long, 20 feet high, and 6 feet wide at the base, narrowing to 2 feet on
top. The main town lay north of the River Boyne. To the south, still
within the impressive fortifications, was an additional urban area
situated on a hill that had to be tackled first by any army coming from
the south. In the extreme southeast corner, virtually embedded in the
city wall, stood St. Mary's Church. From its lofty steeple the defenders
not only had a fine view of the city but were in a good position to fire
upon their Protestant attackers.
Flanking the church on the town side was a steep ravine
called the Dale, then the heavily guarded Duleek Gate, the entrance to
this southern outpost, and behind that an imposing artificial mound
called the Mill Mount.
On September 10, Cromwell issued his first official
summons to Sir Arthur Aston:
"Having brought the army belonging to the
Parliament of England before this place, to reduce it to obedience, to
the end the effusion of blood may be prevented, I thought it fit to
summon you to deliver the same into my hands to their use. If this be
refused you will have no cause to blame me."
Cromwell's Forces commence their bombardment of
Aston refused to surrender, and Cromwell's cannons
opened fire. The walls of the city began to crumble. Aston quickly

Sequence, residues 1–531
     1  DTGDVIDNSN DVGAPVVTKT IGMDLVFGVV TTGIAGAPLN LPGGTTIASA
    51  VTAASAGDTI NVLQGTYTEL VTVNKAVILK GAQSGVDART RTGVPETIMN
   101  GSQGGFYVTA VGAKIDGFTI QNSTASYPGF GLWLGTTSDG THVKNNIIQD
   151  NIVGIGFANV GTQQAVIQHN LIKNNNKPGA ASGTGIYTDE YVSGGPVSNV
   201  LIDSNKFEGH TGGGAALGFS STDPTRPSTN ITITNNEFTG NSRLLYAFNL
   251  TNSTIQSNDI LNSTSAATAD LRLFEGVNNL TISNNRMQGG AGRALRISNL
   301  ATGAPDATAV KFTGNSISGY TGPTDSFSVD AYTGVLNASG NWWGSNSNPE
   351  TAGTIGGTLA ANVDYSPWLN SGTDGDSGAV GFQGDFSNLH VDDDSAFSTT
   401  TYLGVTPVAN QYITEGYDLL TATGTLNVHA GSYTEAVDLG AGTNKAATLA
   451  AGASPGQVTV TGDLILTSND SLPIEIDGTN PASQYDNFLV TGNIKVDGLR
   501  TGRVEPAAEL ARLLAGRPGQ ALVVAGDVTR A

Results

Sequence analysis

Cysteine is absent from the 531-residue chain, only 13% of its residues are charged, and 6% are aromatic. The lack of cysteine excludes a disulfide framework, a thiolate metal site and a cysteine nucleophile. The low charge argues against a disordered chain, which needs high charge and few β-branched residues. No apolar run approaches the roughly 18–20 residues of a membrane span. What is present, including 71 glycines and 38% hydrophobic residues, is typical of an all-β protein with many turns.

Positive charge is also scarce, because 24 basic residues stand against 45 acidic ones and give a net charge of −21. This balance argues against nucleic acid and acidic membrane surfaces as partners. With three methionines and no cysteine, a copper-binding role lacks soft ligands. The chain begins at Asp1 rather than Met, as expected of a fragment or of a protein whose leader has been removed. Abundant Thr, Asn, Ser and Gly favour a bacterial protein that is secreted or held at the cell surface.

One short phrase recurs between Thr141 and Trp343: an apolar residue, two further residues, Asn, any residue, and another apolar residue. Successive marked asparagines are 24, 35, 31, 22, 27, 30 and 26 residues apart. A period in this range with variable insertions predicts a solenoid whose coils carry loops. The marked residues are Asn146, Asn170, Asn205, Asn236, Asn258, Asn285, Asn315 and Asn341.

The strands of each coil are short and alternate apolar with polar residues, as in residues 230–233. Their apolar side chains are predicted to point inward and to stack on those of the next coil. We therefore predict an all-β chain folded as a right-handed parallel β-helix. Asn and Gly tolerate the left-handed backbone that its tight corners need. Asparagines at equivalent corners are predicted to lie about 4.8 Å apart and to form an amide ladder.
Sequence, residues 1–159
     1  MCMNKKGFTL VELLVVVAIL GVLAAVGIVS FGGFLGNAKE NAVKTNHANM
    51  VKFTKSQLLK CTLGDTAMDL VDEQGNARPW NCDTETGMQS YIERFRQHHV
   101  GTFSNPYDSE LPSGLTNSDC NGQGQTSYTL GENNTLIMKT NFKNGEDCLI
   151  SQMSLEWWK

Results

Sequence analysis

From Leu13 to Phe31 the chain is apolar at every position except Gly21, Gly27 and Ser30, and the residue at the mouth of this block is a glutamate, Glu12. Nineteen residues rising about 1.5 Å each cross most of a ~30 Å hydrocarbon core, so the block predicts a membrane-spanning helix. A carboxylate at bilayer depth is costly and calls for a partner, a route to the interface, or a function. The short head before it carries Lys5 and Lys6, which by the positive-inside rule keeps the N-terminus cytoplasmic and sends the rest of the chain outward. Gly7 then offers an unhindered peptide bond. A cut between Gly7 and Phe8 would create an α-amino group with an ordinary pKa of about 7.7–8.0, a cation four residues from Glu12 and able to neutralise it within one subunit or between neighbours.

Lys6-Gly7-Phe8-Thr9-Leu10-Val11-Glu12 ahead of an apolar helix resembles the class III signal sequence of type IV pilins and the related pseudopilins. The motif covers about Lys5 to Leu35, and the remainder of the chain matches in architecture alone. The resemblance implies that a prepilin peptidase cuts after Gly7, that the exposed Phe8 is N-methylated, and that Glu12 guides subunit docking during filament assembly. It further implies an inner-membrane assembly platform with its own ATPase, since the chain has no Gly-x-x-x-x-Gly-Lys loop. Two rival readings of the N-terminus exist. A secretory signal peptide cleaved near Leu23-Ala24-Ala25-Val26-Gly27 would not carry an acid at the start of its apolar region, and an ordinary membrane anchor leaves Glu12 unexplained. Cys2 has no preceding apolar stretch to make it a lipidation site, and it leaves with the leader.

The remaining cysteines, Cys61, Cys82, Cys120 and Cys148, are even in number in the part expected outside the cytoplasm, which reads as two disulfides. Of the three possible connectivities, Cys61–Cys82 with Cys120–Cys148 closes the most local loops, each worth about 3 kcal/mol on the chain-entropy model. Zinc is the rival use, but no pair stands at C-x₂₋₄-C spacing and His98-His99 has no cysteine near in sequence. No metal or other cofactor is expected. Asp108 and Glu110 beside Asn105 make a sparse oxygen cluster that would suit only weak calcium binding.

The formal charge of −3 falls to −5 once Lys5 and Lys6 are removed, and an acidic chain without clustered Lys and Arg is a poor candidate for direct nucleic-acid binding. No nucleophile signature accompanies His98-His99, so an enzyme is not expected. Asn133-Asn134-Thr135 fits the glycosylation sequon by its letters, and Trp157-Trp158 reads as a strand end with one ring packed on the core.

realized that he was in danger. The (Protestant) Parliamentary fleet
blockaded the harbor. The Duke of Ormonde could send no more
reinforcements, his arms and provisions were running short. Worst of
all, like all of Ireland, Drogheda was not united. Some of those inside
the walls preferred the English Parliamentary force.
Knowing that there could be "no quarter" (no
mercy) if he refused to surrender, Aston decided to fight on, writing to
the Duke of Ormonde that his soldiers, at least, "were unanimous in
their resolution to perish rather than to deliver up the place."
The (Catholic) defenders fought bravely, at first
turning back the attackers, but eventually the Parliamentarians crashed
through the walls and seized St. Mary's Church. Aston and some defenders
fled to Mill Mount. Possessed by bloodlust, the Parliamentarians rushed
up the hill, and all defenders, including Aston, were killed by order of
Cromwell. The Parliamentarians swept through the streets with orders to
kill anyone in arms. Against orders, civilians also were killed in the
rush. Priests and friars were treated as combatants by Cromwell's
Puritans and executed. Even more horrible was the fate of the defenders
of St. Peter's Church in the northern part of the town; the church was
burned down around them. By nightfall, only small pockets of resistance
on the walls remained. When they managed to kill some (Protestant)
Parliamentarians, Cromwell ordered the captured (Catholic) officers to
be "knocked on the head" and every 10th soldier (Catholic)
executed. Nearly 4,000 (Catholic) Confederates died at Drogheda.
Drogheda's being divided by the river caused some
confusion and may have led to the massacre. When forces on one side of
the river surrendered, it is alleged that Cromwell, still meeting
resistance on the other side, ordered the annihilation of the entire
population. "I do not think that thirty of the whole number escaped
with their lives," Cromwell later wrote. The survivors were sold as
slaves to the sugar plantations at Barbados.
Cromwell Leading the Storming Party at Drogheda
by W.R.S. Stott
After the massacre, Cromwell sought to explain his
actions in a letter to William Lenthall, speaker of the English